A similarly defensive earner, Otis Worldwide Corp (OTIS, $65) is an elevator equipment manufacturer that, though not in “exactly a super glamorous industry,” is what Keith considers a “very profitable” and “very good business in terms of being able to generate consistent profits and cash flow.” Otis is the leading firm in the industry worldwide, and its business is split between new equipment sales and “a significant amount of service revenue associated with servicing these elevators and adding new technology,” she notes. There are a lot of aging elevator systems that need to be replaced in commercial buildings, so there’s a “nice replacement cycle in front of us,” Keith points out. Meanwhile those elevators need to be serviced and maintained, which provides recurring revenue for Otis and “allows them to have high visibility into their earnings and profits,” she says. While Keith points out that the company “has not been immune to the challenges with higher commodity costs and FX headwinds,” she believes it is “well-positioned” to keep steadily growing earnings. The firm also doles out a nearly 2% dividend yield, and year-to-date has repurchased $400 million worth in shares. Although revenues aren’t expected to go gangbusters in 2023, the Street expects Otis to grow earnings per share by a hefty 14% next year. Trading at around 20 times estimated forward earnings, Keith believes investors can take a ride on the “very wide moat business”—hopefully up.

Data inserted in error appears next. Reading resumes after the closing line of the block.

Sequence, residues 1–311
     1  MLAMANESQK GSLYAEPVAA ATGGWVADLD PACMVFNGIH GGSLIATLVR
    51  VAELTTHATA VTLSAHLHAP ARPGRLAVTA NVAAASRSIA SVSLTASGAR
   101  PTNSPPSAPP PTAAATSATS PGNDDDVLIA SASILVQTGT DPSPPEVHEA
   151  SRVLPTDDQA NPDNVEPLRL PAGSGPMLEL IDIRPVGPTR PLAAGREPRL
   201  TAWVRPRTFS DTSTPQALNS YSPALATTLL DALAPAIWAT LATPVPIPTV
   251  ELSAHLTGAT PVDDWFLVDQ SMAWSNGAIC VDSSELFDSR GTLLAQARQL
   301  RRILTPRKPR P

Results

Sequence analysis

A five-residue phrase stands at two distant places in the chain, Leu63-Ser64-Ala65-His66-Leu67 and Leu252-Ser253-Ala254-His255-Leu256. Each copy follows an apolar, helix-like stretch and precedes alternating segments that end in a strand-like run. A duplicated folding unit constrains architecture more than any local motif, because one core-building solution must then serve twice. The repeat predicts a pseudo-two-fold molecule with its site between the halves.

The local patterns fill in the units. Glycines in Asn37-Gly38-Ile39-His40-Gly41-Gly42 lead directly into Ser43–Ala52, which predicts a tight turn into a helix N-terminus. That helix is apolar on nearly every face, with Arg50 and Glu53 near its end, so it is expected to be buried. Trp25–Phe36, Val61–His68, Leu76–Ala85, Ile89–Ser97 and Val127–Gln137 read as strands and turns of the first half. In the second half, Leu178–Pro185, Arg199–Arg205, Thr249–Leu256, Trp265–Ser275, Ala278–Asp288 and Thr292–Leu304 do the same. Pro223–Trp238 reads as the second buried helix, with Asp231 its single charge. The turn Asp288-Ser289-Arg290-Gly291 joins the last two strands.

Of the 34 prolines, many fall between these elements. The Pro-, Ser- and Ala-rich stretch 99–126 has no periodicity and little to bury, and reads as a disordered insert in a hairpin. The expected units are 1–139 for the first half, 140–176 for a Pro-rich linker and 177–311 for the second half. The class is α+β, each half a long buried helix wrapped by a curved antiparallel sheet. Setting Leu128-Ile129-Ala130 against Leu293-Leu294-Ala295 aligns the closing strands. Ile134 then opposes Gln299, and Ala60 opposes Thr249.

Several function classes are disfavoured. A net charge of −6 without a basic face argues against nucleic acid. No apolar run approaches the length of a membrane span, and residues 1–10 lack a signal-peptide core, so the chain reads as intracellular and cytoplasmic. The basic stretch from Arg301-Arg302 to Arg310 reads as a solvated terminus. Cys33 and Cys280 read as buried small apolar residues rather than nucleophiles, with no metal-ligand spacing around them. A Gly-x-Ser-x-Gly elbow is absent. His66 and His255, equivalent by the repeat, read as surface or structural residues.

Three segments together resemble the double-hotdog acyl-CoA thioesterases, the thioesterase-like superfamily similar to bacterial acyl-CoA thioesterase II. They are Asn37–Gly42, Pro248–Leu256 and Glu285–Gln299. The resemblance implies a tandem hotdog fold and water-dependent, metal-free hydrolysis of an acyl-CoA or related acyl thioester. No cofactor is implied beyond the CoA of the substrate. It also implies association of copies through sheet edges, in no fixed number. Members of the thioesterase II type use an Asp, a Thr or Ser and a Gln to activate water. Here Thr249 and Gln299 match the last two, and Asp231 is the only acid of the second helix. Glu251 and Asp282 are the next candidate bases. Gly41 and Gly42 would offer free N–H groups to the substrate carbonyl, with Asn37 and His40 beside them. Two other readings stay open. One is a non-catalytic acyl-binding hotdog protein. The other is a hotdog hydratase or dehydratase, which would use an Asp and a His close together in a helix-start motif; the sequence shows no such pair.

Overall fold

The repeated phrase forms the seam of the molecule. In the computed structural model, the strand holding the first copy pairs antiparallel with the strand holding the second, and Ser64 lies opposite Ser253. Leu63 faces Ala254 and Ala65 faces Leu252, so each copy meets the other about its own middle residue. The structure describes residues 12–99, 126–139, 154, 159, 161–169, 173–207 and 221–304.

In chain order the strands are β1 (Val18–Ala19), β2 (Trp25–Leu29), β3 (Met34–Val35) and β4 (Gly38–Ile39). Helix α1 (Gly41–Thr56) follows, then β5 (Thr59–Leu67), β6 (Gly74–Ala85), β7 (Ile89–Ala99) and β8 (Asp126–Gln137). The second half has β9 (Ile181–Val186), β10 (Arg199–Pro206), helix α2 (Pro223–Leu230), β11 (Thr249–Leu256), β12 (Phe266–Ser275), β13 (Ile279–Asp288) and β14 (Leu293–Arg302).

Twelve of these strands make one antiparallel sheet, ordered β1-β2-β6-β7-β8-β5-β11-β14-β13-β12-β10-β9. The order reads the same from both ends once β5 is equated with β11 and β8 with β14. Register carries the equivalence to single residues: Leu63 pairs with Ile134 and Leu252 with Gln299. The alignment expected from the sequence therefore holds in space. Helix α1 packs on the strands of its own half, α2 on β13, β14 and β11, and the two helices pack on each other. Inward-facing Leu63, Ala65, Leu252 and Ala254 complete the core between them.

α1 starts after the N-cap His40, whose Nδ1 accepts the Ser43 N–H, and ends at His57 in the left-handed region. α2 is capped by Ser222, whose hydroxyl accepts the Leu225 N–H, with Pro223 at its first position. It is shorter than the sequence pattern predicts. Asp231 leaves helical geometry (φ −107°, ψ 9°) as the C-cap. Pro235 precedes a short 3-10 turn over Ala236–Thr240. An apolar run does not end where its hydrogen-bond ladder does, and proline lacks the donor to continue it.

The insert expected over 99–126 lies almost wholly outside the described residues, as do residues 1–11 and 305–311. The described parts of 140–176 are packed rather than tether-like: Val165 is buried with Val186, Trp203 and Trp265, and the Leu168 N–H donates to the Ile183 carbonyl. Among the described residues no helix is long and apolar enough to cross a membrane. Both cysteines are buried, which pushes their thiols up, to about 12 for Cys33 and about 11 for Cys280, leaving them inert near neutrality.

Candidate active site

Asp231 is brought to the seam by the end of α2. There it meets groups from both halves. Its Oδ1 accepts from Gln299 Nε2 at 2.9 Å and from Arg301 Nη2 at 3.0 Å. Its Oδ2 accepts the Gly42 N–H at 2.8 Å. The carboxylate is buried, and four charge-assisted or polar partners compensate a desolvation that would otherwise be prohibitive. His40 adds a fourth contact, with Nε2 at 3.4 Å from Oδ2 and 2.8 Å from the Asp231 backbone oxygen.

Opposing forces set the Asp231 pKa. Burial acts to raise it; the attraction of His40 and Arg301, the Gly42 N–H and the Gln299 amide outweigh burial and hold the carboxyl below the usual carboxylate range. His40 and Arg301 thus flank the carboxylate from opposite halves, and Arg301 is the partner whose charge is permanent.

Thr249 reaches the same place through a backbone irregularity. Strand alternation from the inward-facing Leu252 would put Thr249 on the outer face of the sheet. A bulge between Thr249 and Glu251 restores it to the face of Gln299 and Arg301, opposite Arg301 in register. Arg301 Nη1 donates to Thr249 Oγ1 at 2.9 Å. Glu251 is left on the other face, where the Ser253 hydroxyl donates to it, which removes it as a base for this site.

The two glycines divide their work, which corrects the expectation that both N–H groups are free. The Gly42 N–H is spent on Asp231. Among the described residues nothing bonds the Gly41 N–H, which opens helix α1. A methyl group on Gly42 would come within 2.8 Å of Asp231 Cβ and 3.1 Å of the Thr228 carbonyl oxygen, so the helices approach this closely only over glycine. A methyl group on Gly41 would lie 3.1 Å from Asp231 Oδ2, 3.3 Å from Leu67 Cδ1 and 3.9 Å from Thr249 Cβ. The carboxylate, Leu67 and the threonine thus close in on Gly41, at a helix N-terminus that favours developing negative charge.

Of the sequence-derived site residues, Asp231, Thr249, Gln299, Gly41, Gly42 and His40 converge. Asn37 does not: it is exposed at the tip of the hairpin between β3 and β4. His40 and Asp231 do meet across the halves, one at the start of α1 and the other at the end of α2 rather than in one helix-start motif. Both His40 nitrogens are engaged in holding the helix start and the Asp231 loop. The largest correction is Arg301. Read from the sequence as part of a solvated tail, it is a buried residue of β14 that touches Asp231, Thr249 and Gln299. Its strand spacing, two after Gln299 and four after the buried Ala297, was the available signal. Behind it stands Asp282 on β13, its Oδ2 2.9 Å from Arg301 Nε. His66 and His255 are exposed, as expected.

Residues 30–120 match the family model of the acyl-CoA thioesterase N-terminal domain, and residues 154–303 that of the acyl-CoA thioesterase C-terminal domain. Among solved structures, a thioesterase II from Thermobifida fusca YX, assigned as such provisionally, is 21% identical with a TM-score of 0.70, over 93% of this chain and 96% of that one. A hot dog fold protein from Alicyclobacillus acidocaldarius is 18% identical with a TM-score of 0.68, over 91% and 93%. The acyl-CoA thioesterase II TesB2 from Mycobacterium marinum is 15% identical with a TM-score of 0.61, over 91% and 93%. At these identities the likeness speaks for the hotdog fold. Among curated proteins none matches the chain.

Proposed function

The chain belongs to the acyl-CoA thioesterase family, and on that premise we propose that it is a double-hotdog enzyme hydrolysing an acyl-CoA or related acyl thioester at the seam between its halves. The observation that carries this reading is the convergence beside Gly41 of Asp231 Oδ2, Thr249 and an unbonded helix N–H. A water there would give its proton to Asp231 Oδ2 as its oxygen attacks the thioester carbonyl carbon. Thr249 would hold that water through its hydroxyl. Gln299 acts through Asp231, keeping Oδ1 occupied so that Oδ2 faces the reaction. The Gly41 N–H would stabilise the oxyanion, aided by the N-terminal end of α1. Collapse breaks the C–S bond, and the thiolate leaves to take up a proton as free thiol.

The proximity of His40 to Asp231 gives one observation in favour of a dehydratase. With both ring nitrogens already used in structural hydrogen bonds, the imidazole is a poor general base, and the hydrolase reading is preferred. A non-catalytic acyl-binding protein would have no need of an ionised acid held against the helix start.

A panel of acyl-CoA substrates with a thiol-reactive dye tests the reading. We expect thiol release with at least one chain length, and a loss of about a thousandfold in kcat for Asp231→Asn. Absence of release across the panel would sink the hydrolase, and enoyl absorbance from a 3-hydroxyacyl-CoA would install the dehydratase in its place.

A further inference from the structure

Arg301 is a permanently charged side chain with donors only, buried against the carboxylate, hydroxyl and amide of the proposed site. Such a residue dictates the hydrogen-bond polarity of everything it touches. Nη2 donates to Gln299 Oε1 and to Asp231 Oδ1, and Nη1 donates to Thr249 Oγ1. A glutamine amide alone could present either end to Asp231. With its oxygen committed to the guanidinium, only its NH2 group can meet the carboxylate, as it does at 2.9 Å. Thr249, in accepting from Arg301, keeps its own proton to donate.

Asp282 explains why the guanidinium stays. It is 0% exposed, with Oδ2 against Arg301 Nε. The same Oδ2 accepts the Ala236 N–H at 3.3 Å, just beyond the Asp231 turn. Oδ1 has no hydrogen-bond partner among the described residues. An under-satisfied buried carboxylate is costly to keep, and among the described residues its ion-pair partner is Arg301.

But going for more dependable, steady companies doesn’t require sacrificing growth, according to Jensen’s Schoenstein: “I think it’s more about understanding how they grow and what kind of resilience is built into that growth,” he argues. Schoenstein still believes Microsoft (MSFT, $225), which was also featured on Fortune’s stocks to buy for 2022 list, could fit the bill for investors. “Because it’s commercially focused, it’s not so much about the economy growing for them as it is about their business customers continuing to need their services,” Schoenstein points out. “Unless you have large scale business failures, Microsoft’s services are still going to be in pretty strong demand.” That includes the tech titan’s enterprise office and productivity software as well as its powerhouse cloud unit, which “are actually allowing companies to be more efficient, which helps them in recessionary times,” he notes. “That is less likely to be a focus of any spending cuts on the technology side by their commercial customers.” Analysts project Microsoft can grow revenues by about 11% in their fiscal year ending June 2023, and 14% the following fiscal year. And despite the economic backdrop, the firm recently reiterated their 2023 guidance for double-digit top line growth, a positive sign to the Street. Trading at about 23 times forward earnings, Microsoft also doesn’t come nearly as expensive as some of its growthy tech peers.